Greetings world. Welcome to your new week. Learn from the unsuccesses of last week. It’s time to create, be happy, create some more.

I know my art lacks perfection. My goal is: done, not perfect. Doing my best and shipping it is what I am striving for. I believe in this. Some days are harder than others. I do believe it, but then I want something just right. Which isn’t wrong—occasionally. It’s when I get caught up in a never-ending cycle of self-inflicted revision, that I need to reign myself in. If I use done as my learning meter and choose to be happy with what I’ve made, then I can move on and create more—which actually gets me closer to a more perfected skill set.

“Finishing a thing is way more important than having something that is perfect but not finished” — Jake Parker

What have I shipped? Well, on a semi-daily basis I am sharing my art to Instagram, Facebook, Tumblr, and Twitter. I have also published my Tomy and Jon comic. As well as created a Color Me Book from my daily arts. And, weekly I am publishing a blog post about inspiration. I am working on a short comic which I plan on making available digitally and in print. The dailies are my way of keeping my skills sharp, learning new things, and seeing what resonates and what doesn’t.

There can be different definitions of “shipped” as we grow. I often am simply shooting for: done, choose to be happy, and share. I believe that we should ship/share in order to grow. When we are wrapped up in our own model of done—where no one sees/hears what we are working on—we don’t get valuable feedback. Shipping gives us that so we can grow forward and create more. Keep in mind this feedback shouldn’t define our happiness, but it should help us understand the strengths and weaknesses we have.

#8 Laugh at perfection. It’s boring and keeps you from being done. — Done Manifesto

In the long-term my definition of shipped will mean published. I am working on projects that are in process/progress, but aren’t my daily shippings. Every step of the way, I am giving it my best and then having to remind myself; be done, be happy, create more.

So, let’s commit to shipping and throwing out the fear that often keeps us in a loop of revision. Ship, then ship some more.

Here’s how we put it in Thirteen Commitments for Artists to Cultivate Inspiration: “I commit to shipping my work out into the world, believing that the time is now. I will do my best, not trying to perfect it for so long that no one gains from it.” Get your free copy of our one page PDF Thirteen Commitments for Artists to Cultivate Inspiration here.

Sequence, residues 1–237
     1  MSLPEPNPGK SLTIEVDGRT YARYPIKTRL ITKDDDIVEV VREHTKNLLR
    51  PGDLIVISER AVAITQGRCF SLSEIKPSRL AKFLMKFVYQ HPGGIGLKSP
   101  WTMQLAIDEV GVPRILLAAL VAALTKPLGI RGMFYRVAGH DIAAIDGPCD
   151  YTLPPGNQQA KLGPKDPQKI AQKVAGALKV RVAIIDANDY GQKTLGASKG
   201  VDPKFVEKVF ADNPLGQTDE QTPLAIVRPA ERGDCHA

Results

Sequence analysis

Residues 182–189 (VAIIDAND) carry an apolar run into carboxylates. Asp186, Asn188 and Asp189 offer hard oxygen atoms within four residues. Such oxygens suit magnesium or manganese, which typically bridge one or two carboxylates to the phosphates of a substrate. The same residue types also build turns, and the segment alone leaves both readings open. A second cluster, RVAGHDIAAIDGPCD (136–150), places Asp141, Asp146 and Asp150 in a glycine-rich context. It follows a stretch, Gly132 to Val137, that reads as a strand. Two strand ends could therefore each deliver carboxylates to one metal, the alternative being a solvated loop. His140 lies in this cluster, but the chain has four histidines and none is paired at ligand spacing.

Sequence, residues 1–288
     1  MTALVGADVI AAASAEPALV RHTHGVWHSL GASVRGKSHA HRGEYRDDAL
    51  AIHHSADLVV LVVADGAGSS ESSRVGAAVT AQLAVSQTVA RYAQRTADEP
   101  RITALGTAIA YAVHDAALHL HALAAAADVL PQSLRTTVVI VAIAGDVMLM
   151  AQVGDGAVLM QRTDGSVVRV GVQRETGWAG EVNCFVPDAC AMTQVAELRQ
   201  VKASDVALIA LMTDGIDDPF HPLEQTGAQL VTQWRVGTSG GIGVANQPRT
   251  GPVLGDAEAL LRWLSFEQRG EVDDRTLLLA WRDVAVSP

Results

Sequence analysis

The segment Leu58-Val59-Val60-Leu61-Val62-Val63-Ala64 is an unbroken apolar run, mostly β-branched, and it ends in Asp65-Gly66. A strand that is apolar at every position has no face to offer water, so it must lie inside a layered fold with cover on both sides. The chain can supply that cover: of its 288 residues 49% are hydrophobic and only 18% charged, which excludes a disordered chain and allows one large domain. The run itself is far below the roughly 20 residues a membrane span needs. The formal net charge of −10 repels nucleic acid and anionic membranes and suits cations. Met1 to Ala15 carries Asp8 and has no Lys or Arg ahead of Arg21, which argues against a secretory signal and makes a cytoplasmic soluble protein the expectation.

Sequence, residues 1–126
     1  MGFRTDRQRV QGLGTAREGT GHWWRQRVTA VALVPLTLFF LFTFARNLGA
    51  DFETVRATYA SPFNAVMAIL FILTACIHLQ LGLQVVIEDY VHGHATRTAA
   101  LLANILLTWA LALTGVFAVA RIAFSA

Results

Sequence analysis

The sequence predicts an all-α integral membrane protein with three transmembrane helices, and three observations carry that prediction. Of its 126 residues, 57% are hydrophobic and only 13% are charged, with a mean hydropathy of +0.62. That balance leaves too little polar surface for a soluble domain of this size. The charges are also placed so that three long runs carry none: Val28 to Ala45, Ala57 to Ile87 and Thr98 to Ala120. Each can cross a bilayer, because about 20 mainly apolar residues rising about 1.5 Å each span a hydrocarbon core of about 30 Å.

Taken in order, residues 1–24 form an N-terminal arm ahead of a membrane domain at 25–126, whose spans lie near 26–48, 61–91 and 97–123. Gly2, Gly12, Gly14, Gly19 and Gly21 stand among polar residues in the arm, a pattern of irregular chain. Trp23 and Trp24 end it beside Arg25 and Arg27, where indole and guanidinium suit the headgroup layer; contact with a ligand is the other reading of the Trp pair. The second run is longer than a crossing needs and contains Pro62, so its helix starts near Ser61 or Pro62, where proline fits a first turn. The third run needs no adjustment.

By the way, I’ve collected all of the “Thirteen Commitment” posts, so far, under one link. Please share them with the artists you know. You can find them here.


Sketchbook Art

 


Have a great week everyone. Create, be happy, create more,

Jay

Subscribe to get the free one page PDF: Thirteen Commitments for Artists to Cultivate Inspiration. My wife and I have packed it full for you.

Jay Myers: Curtesy of Raynna Myers

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Check out my free western fairytale webcomic: The Adventures of Tomy and JonOr buy your own copy here.
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7 Comments

    • Hi Laure,
      I understand it. Been in that spot too often. A few years ago something clicked: either be done now or be done never.

      In that thought and from my study of “perfect” in Hebrew I learned that true perfection comes from passion/love not from flawlessness. So, even though I still get hung up from time to time, I’ve refined my understanding of done to mean: did I love it enough did I put my all, that I had at that moment, in? Did I do the best I could with what I had when I did it. Typically if the answer is yes, then I ship/share.

      We can always do better, but if we pour ourselves into it with love then we shouldn’t fret the details. The great creator didn’t when he made us—we aren’t better than he. :)

      • This is really important: “At that moment.”

        On Friday i wrote a little snippet of Akkadian poetry and thought it was so clever, and then six hours later i was sure it was terrible. It was too late. i had already shipped it. i tried recanting, but my victim was too happy to receive my recantation and i was too miserable to receive his happiness. But you know what, i DID love it, and i DID put everything i had into it, at the moment i was creating it. And i don’t hate it now; a few days away made a great difference. And i have just shipped the next snippet, and i am pleased with it. There is more writing to do. i can’t just twist in agony and let that keep me from writing, especially when the person i am writing for actually really did love it, and (i think) receive it as love. i am certainly writing it for love. Sometimes i get twisted around and think, if i really am writing for love the result has to be even MORE perfect than i would normally strive for. But it’s not the source material’s creator who sets that bar so high. It’s me. And i think it’s not really love that is saying to me that i am not doing this right.

        What was the Hebrew study you did? כּלל? Do you have any notes on that?

        Jay, i am shipping because you tell me to. “Just ship it” coming from anyone but a love-teacher would sound so much harder. It would sound a little like judgment: “You may as well ship it; you probably won’t be able to do much better.” But from you i hear “You have done something good, and there is so much more good in you that wants doing.”

        • Or (i am thinking about this again), “don’t be a baby.” But you don’t say that either. You say, “i know, it’s hard. But we can encourage each other.”

          • Laure,
            I’m glad this is what you hear. I’m glad you shipped. Keep that ship rolling. I will shoot you an email about the Hebrew. Thank you very much for writing.

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